The nature of Chinese pig production and the low degree of China's integration with world agricultural markets have hidden this fact from many. But that is destined to change in the new century.

A complicated set of forces influencing the direction of China's pork industry is already in action and they are generating much debate. What will the outcome mean to China, to the world?

China's pork is produced under conditions that vary considerably, both within and between regions. Market conditions favorable to one segment of the swine economy may hurt another - a serendipitous hedging function.

China's traditional production systems enjoy low fixed costs, low feed costs and family labor at little or no cost. Quality is low. Output per farm household is limited to several dozen pigs per year. But this system is resilient in providing positive returns, evidenced by the fact that roughly 85% of Chinese hogs are still raised in this manner.

Commercialized operations are faced with the difficult task of competing against a time-tested, low-cost production system. Even within the commercial swine sector, there is considerable variation of inputs and outputs.

Issues To Watch In China Production technology: China has gained considerably in their efforts to achieve higher production efficiency, measured as a ratio of slaughter hogs to total inventory. However, there is a significant gap between Chinese commercial production technology and the technology frontier of the world. This weakens the Chinese commercial producer's ability to compete in a global market and, more importantly, their ability to compete with the household production sector. Deficiencies in nutrition, housing, disease control and sow productivity contribute to a commercial pork producing sector ill equipped to meet its challenges.

Policy: Domestic agricultural policy and international trade policy also weigh heavy on pork's future. Support of grain prices above the international market price has an enormous impact. Even the most efficient producers struggle when the corn price is well above the world market, as it was much of the late '90s.

China's commitment under the November trade agreement signed with the U.S. would eventually guarantee market access for up to 7.2 million tons of corn. Domestic policies towards wheat and rice also influence the volume of these grains diverted to the feed channel.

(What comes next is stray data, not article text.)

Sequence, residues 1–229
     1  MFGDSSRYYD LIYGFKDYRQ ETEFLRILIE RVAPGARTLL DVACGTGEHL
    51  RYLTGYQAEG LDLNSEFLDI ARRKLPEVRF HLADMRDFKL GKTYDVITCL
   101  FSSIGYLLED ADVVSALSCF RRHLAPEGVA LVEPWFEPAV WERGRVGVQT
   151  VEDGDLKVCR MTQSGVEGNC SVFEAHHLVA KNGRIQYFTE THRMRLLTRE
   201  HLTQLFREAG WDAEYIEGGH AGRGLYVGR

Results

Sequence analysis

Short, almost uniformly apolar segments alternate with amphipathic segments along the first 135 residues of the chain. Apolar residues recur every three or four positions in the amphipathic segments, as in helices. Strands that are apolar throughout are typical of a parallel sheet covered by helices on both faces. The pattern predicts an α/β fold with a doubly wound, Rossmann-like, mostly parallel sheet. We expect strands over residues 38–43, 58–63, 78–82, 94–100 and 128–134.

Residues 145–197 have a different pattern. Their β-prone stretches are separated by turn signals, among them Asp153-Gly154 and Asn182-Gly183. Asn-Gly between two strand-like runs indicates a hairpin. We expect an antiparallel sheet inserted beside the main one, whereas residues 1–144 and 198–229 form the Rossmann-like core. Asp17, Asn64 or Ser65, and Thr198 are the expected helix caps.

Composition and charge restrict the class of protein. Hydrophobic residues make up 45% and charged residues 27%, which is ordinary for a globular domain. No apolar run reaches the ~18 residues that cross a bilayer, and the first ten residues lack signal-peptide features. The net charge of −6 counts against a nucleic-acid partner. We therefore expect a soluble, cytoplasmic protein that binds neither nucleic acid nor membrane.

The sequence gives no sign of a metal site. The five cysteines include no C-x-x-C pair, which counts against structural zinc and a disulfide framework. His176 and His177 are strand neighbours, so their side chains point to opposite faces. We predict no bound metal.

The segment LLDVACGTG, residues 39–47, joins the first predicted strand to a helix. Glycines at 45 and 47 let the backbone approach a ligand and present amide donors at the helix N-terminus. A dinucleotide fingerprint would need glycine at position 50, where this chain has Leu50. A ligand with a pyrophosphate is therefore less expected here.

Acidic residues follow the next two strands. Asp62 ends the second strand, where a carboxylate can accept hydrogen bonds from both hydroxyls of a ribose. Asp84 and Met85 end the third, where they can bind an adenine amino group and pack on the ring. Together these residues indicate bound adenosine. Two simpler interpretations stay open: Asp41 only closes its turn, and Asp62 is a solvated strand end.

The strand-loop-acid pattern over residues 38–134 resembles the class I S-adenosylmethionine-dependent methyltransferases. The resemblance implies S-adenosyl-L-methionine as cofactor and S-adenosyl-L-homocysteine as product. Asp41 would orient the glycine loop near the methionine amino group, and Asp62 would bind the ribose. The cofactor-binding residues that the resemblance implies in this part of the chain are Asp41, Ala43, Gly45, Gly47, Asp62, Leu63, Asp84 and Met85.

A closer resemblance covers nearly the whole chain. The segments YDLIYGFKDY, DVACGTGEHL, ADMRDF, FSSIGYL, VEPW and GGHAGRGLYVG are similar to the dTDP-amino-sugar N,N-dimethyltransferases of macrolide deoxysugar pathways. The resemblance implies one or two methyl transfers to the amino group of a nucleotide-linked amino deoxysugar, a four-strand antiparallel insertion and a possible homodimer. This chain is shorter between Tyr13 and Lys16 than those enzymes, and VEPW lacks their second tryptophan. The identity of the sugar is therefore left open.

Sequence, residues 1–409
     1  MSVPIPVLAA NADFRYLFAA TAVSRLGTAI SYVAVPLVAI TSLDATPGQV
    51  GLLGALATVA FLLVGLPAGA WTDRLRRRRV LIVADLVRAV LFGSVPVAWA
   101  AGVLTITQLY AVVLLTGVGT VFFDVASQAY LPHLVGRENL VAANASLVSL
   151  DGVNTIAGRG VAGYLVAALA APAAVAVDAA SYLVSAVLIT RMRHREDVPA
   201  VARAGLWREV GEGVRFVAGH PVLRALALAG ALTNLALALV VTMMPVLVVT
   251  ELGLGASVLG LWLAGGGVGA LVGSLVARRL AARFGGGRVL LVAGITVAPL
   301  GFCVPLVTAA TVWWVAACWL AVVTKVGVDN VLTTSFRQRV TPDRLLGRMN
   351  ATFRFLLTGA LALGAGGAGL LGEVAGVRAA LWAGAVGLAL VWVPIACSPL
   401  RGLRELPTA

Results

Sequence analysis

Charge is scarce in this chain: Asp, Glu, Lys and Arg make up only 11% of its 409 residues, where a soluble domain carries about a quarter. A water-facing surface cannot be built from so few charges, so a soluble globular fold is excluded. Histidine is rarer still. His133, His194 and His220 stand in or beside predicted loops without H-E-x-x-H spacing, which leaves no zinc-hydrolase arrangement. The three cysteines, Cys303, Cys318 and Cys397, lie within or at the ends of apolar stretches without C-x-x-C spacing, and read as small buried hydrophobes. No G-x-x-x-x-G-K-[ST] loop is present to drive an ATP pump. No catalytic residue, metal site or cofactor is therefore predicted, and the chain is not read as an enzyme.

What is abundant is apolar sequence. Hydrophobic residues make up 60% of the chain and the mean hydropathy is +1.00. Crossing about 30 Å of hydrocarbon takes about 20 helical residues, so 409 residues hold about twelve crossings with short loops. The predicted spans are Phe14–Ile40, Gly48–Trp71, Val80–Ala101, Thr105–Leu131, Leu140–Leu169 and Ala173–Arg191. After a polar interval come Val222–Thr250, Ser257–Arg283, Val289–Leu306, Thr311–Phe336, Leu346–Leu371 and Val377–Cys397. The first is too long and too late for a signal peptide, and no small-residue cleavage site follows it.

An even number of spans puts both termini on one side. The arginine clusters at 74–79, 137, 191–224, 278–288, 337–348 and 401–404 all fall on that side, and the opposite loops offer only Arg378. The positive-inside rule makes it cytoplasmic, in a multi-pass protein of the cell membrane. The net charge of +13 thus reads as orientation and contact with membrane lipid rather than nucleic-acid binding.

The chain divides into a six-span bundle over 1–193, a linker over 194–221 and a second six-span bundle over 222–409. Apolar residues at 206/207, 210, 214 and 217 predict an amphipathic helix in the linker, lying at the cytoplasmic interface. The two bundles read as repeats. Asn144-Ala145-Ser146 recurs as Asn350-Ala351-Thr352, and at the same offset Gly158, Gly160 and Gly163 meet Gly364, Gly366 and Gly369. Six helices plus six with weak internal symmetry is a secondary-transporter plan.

World Trade Organization (WTO) accession and China's grain industry reforms will be critical forces to watch. WTO accession will also exert new forces on China's import and export meat trade. There is considerable debate on the outcome of liberalized trade. In the short term, the move will likely legitimize current illegal imports with some marginal increases in both imports and exports. Long-term outcomes are more difficult to predict.

Overall economic growth: The ultimate driver of pork consumption - volume and quality - will be steady economic growth in China. A huge rural population lags far behind the urban areas in meat consumption. As income levels are more evenly distributed, the demand for meat will broaden and new opportunities will surface. Economic growth will accelerate consolidation of pork production. Job opportunities in the industrial or service sectors will encourage households to abandon hog production.

Consumer preferences and pork processing: The majority of China's pork is marketed fresh in traditional wet markets. Chilled, frozen or processed meats are still the exception.

Unique Supply Patterns The present marketing system exerts unique forces on producers located around the urban areas. Pork deficit regions, such as the southern coastal urban centers, develop unique supply patterns based on complex forces and interactions, including production costs, farm-gate price, quality and transportation costs. Local producers receive a degree of protection due to the prohibitive nature of moving large numbers of live animals to higher consumption areas. As a result, low-cost producers (household farms) are often the only ones that can supply urban markets from afar.

Low-cost, live hogs also mean low lean content, which is increasingly shunned by some Chinese consumers. Continued urbanization will pressure producers to supply more, better quality pork to a more affluent urban consumer.

There is much riding on the development of the Chinese pork industry. Napoleon once described China as a sleeping giant who will astonish the world when she awakens. The giant is stirring.